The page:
I’m trying to compute Jacobian (and its inverse) of the output of an intermediate layer (block1) with respect to the input to the first layer. The code looks like :
def getInverseJacobian(net2, x):
# define jacobian matrix
# x has shape (n_batches X dim of input vector)
# Take one input point from x and forward it through 1st block
jac = torch.zeros(size=(x.shape,x.shape))
y = net2.block1(x)
for i in range(x.shape):
jac[i,:] = torch.autograd.grad(y[i],x, create_graph=True)
# Getting inverse of jacobian using Penrose pseudo-inverse
jac_inverse = torch.pinverse(jac)
print('Nan encountered in Jacobian !')
This works well for single data in a batch. How do I convert it to make a Jacobian for complete batch without using loop. This function will be called several times in the training and loop would not be ideal.
Any suggestions? Am I calculating Jacobian efficiently in the first place? [It is accurate though]
Yes this looks like the right way to do it.
FYI we now have a built in function that does the same thing: https://pytorch.org/docs/stable/autograd.html#torch.autograd.functional.jacobian
There is no better way to compute the jacobian yet I’m afraid. But we’re working on it.
Hi, do you mean the in-build function also works on one input point?
By the way, may I ask for an example of https://pytorch.org/docs/stable/autograd.html#torch.autograd.functional.jacobian with respect to the parameters of a network please? I have no clue since the first parameter of
jacobian is a function.
Not sure what you mean by “one input point” could you clarify?
For nn.Module, you can check this answer: Get gradient and Jacobian wrt the parameters - #3 by albanD
Recently, I met the same problem and tried to do the batch_jacobian operation with for-loops. Although it works, but the runtime is too long. Fianlly, I implemented the batch_jacobian in another way, it is more efficient and the runtime is close to the tf.GradientTape.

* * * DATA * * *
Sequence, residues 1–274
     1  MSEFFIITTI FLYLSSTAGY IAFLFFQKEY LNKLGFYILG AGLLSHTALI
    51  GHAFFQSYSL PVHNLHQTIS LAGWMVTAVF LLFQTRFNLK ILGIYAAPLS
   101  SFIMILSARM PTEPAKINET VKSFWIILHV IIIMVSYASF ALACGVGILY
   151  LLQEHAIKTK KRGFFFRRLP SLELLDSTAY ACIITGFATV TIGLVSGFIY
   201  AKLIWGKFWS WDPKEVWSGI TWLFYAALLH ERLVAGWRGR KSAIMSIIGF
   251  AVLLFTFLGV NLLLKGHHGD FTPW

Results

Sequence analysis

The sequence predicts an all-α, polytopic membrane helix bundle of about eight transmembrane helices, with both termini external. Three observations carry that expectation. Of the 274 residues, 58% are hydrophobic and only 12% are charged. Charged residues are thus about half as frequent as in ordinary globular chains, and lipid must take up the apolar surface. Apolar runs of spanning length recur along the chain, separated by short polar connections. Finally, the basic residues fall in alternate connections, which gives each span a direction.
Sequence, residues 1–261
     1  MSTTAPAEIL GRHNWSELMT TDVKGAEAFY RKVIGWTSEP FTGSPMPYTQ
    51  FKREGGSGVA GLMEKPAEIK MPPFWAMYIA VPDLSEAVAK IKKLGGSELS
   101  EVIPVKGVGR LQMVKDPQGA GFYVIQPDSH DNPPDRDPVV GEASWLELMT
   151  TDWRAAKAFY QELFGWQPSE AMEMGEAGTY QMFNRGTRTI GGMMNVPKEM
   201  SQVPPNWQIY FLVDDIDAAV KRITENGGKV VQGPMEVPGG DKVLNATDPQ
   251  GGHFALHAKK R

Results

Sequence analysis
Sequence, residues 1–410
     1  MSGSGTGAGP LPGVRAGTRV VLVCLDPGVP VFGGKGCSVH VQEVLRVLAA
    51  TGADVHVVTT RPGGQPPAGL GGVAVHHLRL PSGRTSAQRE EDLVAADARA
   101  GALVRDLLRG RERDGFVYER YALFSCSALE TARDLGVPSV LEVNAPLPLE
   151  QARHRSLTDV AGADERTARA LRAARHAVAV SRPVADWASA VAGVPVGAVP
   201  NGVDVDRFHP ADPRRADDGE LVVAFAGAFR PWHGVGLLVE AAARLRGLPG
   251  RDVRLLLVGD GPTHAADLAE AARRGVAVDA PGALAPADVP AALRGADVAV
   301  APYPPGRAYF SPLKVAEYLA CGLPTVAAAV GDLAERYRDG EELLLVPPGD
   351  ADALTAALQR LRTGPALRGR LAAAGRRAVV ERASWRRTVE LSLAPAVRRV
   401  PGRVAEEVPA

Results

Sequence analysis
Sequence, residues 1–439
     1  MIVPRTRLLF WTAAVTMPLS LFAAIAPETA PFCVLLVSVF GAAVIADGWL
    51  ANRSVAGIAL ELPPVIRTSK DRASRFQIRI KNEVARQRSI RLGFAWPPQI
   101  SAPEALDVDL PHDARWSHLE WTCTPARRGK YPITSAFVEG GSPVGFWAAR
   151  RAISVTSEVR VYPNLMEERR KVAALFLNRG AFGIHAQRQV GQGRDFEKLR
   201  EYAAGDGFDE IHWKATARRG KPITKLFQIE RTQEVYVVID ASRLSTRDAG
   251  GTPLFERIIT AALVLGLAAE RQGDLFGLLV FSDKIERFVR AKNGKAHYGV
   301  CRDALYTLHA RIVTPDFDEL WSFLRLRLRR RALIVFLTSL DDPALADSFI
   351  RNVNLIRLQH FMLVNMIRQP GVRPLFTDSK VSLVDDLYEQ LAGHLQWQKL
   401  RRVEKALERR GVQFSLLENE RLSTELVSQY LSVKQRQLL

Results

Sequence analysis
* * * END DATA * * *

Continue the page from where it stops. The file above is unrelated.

def batch_jacobian(func, x, create_graph=False):
# x in shape (Batch, Length)
return autograd.functional.jacobian(_func_sum, x, create_graph=create_graph).permute(1,0,2)
Note that if you’re using the latest version of pytorch, there is a
vectorize=True flag for
functional.jacobian() that might speed things up in some cases
I’m unsure what the most efficient implementation is if both my inputs and the outputs are batched. Specifically, if I have
inputs of shape
[B, n] and
func maps to outputs of shape
[B, m], then calling
jac = torch.autograd.functional.jacobian(func, inputs, vectorize=True)
returns a tensor of shape
[B, n, B, m].
But if there is no interaction between batches, then
jac[i, :, j, :] are just zero tensors, and I only really need to compute
jac[i, :, :] = jac[i, :, i, :].
Of course, I can just select the appropriate entries of
jac, but I’m wondering if this is still the most efficient approach here since a lot of unnecessary gradients are computed. Is there a better way?
Seems to be the same problem as in this thread.
Have a look at functorch, that’ll allow you to vectorize over your batch (so you won’t have those zero tensors).
Thank you! That was exactly what I was looking for!
For anyone else wondering,
functorch.vmap(functorch.jacref(func))(inputs) does the trick.
functorch.vmap(functorch.jacrev(func))(inputs) #vectorized reverse-mode AD
For anyone else wondering, it also supports forward-mode AD too via
jacfwd if you need that too!